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How you use social media affects your sense of happiness

In a groundbreaking new study, Professor Derrick Wirtz of UBC Okanaga has examined the relationship between social media and life satisfaction. He explains that it is not if or when, but how we use social media that can negatively influence our overall sense of happiness and well-being.

“Social network sites are an integral part of everyday life for many people around the world,” said Professor Wirtz. “Every day, billions of people interact with social media. Yet the widespread use of social network sites stands in sharp contrast to a comparatively small body of research on how this use impacts a person’s happiness.”

The study was focused on how people use three major social platforms – Facebook, Twitter, and Instagram. Professor Wirtz said that even before COVID-19 and self-isolation became standard practice, social media transformed how we interact with others. Online social interaction is quickly replacing conversations that take place in person.

While face-to-face interactions are associated with satisfaction and contentment, Professor Wirtz notes that many people come away from social media with negative feelings. There are a variety of underlying reasons for this, and one of the biggest issues is social comparison. For example, study participants said the more they compared themselves to others while using social networks, the less happy they felt.

“Viewing images and updates that selectively portray others positively may lead social media users to underestimate how much others actually experience negative emotions and lead people to conclude that their own life – with its mix of positive and negative feelings – is, by comparison, not as good.”

Professor Wirtz explains that viewing other people’s posts and images while not interacting with them lends itself to comparison without the mood-boosting benefits that ordinarily follow social contact, which can undermine well-being and lower self-esteem.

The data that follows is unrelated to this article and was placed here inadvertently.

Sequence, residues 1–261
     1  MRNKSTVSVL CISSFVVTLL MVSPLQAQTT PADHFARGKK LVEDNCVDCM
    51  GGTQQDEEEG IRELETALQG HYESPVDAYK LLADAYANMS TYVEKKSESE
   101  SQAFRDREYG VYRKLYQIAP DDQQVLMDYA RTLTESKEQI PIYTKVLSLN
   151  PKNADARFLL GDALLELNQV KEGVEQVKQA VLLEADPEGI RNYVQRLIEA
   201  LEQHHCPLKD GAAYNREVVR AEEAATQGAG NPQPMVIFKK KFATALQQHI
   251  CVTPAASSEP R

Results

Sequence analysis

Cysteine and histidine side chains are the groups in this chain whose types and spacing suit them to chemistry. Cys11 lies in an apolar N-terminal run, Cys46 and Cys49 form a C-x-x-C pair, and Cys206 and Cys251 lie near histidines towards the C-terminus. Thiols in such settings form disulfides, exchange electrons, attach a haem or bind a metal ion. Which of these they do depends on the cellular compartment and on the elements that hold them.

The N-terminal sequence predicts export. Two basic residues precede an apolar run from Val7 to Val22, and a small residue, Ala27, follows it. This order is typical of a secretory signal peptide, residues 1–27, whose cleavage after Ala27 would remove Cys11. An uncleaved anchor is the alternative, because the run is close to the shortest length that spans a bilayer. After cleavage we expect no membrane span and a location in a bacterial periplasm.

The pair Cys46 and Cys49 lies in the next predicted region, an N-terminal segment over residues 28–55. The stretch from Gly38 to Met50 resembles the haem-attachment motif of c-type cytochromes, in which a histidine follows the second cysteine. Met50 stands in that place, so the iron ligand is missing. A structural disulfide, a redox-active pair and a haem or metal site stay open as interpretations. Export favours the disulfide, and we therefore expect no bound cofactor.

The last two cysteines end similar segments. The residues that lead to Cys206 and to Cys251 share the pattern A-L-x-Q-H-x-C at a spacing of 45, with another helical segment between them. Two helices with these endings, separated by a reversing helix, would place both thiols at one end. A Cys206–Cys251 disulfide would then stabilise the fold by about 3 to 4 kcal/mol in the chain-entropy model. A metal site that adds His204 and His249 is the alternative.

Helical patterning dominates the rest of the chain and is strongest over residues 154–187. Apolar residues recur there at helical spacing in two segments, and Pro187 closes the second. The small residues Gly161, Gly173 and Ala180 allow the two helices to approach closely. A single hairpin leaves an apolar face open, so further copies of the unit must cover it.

“Passive use, scrolling through others’ posts and updates, involves little person-to-person reciprocal interaction while providing ample opportunity for upward comparison.”

For the study, individuals were asked about four specific functions of Facebook: messaging, checking a news feed, reading world news, and posting status updates. The analysis revealed that the most frequently used function is passively checking one’s news feed without making contact with other users. The effects on happiness and well-being associated with this form of Facebook use were found to be consistently negative.

“The three social network sites examined – Facebook, Twitter and Instagram – yielded remarkably convergent findings. The more respondents had recently used these sites, either in aggregate or individually, the more negative effect they reported when they responded to our randomly-timed surveys over a 10-day period.”

Through his research, which was conducted before the COVID-19 pandemic, Professor Wirtz found that people use social media more when they are lonely, but time spent on social media only increases feelings of loneliness. “Today, the necessity of seeing and hearing friends and family only through social media due to COVID-19 might serve as a reminder of missed opportunities to spend time together.”

Despite the discouraging findings, the research showed that social media can also be used in positive ways. Professor Wirtz suggests that users avoid passively scrolling and resist comparing themselves to other people on social media. He says the sites should be used for direct interactions and social connectedness, such as chatting with others.

“If we all remember to do that, the negative impact of social media use could be reduced – and social networks sites could even have the potential to improve our well-being and happiness. In other words, we need to remember how we use social media has the potential to shape the effects on our day-to-day happiness.”

The study is published in the Journal of Happiness Studies.

By Chrissy Sexton, Staff Writer

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